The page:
Everything to play for
Introducing more play space to cities can help tackle health, societal and environment issues, says Samuel Williams of the planning and design specialists, Arup.
We need to take play seriously. We need to take play seriously because it can help us tackle some of the serious problems our society is suffering. Children’s health is in crisis. We have rising diabetes, obesity and depression. It is a fact that children in England are the least fit they have ever been.
Play in nature teaches children a love of the environment that will never leave them. It is one way we can guarantee that the next generation of adults care about landscape, ecology and wildlife. Combined with green infrastructure, a play area can not only make people more resilient, it can make the city more resilient too.
Unstructured play can do more for health than organised sport and active video games. It can reduce depression and increase creativity. It’s how we learn about the world. Play can also bring communities together. Seeing children play outside increases perceptions of safety and wellbeing. Parents mix at the playground, children socialise and get to know each other.
Freedom to roam
Yet play is decreasing and children’s services are disproportionately cut. We’re scared to let children play outside due to the very real dangers of traffic, and the (mostly) media-generated threat of ‘stranger danger’. This is exacerbated by a growing intolerance, criminalisation even of children in the public realm. The area in which children are free to roam has decreased in the last few decades by 90%. What are we doing with that last precious 10%?
By experiencing risk and overcoming challenges through play we learn to look after ourselves; but we have become risk averse, both as parents and designers. Many playgrounds don’t provide a sense of challenge or excitement – to avoid overblown fears of litigation. The average playground is a sterile, segregated yard of equipment, isolated from the community it’s supposed to serve; patronising to its intended users and built predominately for safety. And for some children, these are the only places they’re ever permitted to play.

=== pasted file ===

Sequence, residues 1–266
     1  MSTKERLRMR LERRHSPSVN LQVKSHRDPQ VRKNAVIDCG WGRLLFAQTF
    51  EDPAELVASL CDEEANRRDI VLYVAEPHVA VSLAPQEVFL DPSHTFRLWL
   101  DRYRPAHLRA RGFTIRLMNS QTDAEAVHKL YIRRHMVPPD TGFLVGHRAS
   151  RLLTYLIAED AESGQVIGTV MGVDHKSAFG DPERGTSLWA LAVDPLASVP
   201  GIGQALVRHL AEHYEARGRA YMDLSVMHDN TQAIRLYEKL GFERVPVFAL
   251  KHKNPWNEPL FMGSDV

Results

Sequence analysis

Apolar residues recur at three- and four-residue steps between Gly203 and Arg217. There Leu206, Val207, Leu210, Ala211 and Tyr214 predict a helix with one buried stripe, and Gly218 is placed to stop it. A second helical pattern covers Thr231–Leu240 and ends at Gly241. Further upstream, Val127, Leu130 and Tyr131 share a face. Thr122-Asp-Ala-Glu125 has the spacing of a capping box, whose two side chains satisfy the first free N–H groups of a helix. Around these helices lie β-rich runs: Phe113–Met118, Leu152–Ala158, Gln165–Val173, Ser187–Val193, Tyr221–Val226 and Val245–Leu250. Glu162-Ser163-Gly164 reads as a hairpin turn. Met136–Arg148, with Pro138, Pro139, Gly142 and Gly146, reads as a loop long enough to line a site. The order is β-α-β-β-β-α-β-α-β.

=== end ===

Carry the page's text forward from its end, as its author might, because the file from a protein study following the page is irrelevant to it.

We want healthy cities, happy communities and a green future. Play can deliver these. Children have no voice and are often poorly misrepresented by those who do, so cities need to change, welcoming children rather than pushing them out.
Not just swings and slides
Play exists in every medium, not just swings and slides but natural elements like rocks and topography. In fact it can happen anywhere, and should. It can bring coherence to a design and give neighbourhoods character. We should think about play as we do any other network running through the city.
Most importantly, play is fun. It is how we enjoy ourselves here in the present moment, and that is something we should be taking very seriously indeed. And remember – play is for all ages, not just children.
I believe play should become a central part of how we design, and how the different specialisms contribute to a project. Lighting can be playful, for instance. Materials and façades can be playful.
It’s time to play.
Originally published on thoughts.arup.com